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Re: Face value on gold coins

 
 
Elle
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Bill
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      11-09-2010, 08:01 PM
Augustine wrote:

> I'm left wondering if one is the value as fiat
> money and the other as purchase price.


Yes.

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.Bill.

 
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Elle
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      11-09-2010, 08:22 PM
>From reading both sites, first these coins may only be purchased
through certain dealers. These dealers operate as a gold exchange,
hence the customer pays at least the market rate for gold. Second the
coins may be used as currency when say, shopping, but cashiers and
such are obligated only to treat the coins' value at the value
embossed on them.

The coins are a way to invest in gold. The government values them at
the price of gold and sells them accordingly, as long as the price of
gold means the coins' are valued over their embossed value.

 
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BreadWithSpam@fractious.net
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      11-09-2010, 08:58 PM
"Bill" <(E-Mail Removed)> writes:
> Augustine wrote:
>
>> I'm left wondering if one is the value as fiat
>> money and the other as purchase price.

>
> Yes.


The fiat price and the value of the medium almost always diverge.
In most cases, the fiat price is vastly higher than the medium
price. Think of a dollar bill. The paper is worthless, so it
trades at the fiat price. Currency generally trades at whichever
price is higher.

Pre-'64 silver coins illustrate this nicely - a pre-64 dime
has a fiat price of ten cents, just a it always had. But you'd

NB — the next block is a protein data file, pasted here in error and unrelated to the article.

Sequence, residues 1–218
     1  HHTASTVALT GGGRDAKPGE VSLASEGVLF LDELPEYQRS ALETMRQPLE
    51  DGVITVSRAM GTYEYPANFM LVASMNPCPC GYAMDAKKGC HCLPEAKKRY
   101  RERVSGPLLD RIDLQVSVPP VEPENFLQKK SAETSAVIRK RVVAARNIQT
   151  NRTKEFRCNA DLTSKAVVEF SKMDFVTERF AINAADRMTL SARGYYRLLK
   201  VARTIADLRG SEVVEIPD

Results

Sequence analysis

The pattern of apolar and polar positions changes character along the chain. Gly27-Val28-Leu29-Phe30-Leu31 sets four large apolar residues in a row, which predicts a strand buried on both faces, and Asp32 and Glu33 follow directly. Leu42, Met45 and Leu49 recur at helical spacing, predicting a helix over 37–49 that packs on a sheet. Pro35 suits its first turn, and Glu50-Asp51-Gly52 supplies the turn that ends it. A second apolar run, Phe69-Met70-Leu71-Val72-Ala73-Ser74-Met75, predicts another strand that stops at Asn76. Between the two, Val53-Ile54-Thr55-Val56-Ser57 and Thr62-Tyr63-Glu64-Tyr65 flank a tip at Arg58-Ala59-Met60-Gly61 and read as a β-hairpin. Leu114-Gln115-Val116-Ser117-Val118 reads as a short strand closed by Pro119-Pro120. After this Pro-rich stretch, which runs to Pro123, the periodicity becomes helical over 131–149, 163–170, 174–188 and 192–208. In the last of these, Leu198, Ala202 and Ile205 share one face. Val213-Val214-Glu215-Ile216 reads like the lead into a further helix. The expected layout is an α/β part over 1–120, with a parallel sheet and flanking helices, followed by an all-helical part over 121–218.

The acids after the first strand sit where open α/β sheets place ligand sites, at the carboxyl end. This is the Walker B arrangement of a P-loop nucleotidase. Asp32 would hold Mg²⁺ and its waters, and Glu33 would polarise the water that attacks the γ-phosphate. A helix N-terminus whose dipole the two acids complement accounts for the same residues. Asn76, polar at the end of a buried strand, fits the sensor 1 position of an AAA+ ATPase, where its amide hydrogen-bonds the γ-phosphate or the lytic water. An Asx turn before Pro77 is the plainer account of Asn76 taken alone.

be nuts to give one away for ten cents because the silver from
which it's stamped is worth more. You could melt it down and
sell the raw silver and make more. So folks pay (closer to)
the value of the underlying materials. (As late as the early
'90s, I used to periodically find pre-64 silver amongst change
I'd get and I always used to keep an eye out for it. I'm
pretty sure nobody's given me any pre-64 silver in at least
15 or 16 years and I've long since stopped looking. But when
it happened, I always felt like I'd won a prize or something.)
Note, though, that when they were actually being pressed, the
fiat value was higher than the materials value. Silver went
above a buck/oz around '65 and has never fallen below $4/oz
since the very early 70s. Quarters and dimes (and half
dollars) haven't been the same since.

At one point or another, the value of materials going into a
penny was worth more than the fiat stamped value on them (or
close enough that it was starting to look ugly). In '82,
they switched to copper plated zinc for this reason.

As far as I know, the American Eagle Gold, Silver and Platinum
bullion coins are the only money being pressed by the US Mint
which has a fiat value well below the value of the materials,
which makes the fiat value on them basically just a matter of
nostalgia. Unless, as someone else pointed out, gold goes
below $20/oz, silver goes below $1/oz, or platinum goes below
$100/oz.

Some nice pictures of the current coins here:
<http://www.usmint.gov/mint_programs/american_eagles/index.cfm?action=american_eagle_bullion>



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      11-09-2010, 09:07 PM
<(E-Mail Removed)> wrote in message
news:(E-Mail Removed)...

> (As late as the early
> '90s, I used to periodically find pre-64 silver amongst change
> I'd get and I always used to keep an eye out for it. I'm
> pretty sure nobody's given me any pre-64 silver in at least
> 15 or 16 years and I've long since stopped looking.


A few months ago, I received a few silver quarters from a change machine. I
thought about running all my bills through to see if there were any more,
but didn't.



Brian
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Day 643 of the "no grouchy usenet posts" project.
Current music playing: None.

 
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